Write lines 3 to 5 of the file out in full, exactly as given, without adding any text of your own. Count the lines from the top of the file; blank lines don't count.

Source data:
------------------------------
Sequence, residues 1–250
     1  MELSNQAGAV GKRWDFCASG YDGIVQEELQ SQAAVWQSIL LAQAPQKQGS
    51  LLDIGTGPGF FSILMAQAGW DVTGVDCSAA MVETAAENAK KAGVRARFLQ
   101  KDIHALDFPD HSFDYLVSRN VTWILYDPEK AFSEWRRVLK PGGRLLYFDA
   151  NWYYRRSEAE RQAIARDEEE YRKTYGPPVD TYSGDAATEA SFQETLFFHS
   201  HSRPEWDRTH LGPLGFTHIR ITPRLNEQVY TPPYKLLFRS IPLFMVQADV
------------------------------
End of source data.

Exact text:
    51  LLDIGTGPGF FSILMAQAGW DVTGVDCSAA MVETAAENAK KAGVRARFLQ
   101  KDIHALDFPD HSFDYLVSRN VTWILYDPEK AFSEWRRVLK PGGRLLYFDA
   151  NWYYRRSEAE RQAIARDEEE YRKTYGPPVD TYSGDAATEA SFQETLFFHS